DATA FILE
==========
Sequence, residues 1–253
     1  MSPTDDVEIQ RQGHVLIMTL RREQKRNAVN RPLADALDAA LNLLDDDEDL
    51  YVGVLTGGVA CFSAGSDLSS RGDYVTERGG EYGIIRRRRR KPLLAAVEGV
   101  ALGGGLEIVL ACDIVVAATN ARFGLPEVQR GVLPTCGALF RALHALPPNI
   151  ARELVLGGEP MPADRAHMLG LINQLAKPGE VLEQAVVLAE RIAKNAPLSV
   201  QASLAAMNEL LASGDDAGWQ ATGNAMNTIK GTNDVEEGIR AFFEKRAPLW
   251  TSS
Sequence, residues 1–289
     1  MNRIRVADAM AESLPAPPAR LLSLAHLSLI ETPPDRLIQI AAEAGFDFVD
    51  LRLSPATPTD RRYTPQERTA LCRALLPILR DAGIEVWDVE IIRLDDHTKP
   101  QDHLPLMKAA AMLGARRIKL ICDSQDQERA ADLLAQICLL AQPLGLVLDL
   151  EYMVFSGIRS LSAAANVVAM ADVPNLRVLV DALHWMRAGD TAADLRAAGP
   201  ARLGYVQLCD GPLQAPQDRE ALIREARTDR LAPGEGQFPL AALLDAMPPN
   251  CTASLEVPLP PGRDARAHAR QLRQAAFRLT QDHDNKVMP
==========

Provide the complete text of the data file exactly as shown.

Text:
Sequence, residues 1–253
     1  MSPTDDVEIQ RQGHVLIMTL RREQKRNAVN RPLADALDAA LNLLDDDEDL
    51  YVGVLTGGVA CFSAGSDLSS RGDYVTERGG EYGIIRRRRR KPLLAAVEGV
   101  ALGGGLEIVL ACDIVVAATN ARFGLPEVQR GVLPTCGALF RALHALPPNI
   151  ARELVLGGEP MPADRAHMLG LINQLAKPGE VLEQAVVLAE RIAKNAPLSV
   201  QASLAAMNEL LASGDDAGWQ ATGNAMNTIK GTNDVEEGIR AFFEKRAPLW
   251  TSS
Sequence, residues 1–289
     1  MNRIRVADAM AESLPAPPAR LLSLAHLSLI ETPPDRLIQI AAEAGFDFVD
    51  LRLSPATPTD RRYTPQERTA LCRALLPILR DAGIEVWDVE IIRLDDHTKP
   101  QDHLPLMKAA AMLGARRIKL ICDSQDQERA ADLLAQICLL AQPLGLVLDL
   151  EYMVFSGIRS LSAAANVVAM ADVPNLRVLV DALHWMRAGD TAADLRAAGP
   201  ARLGYVQLCD GPLQAPQDRE ALIREARTDR LAPGEGQFPL AALLDAMPPN
   251  CTASLEVPLP PGRDARAHAR QLRQAAFRLT QDHDNKVMP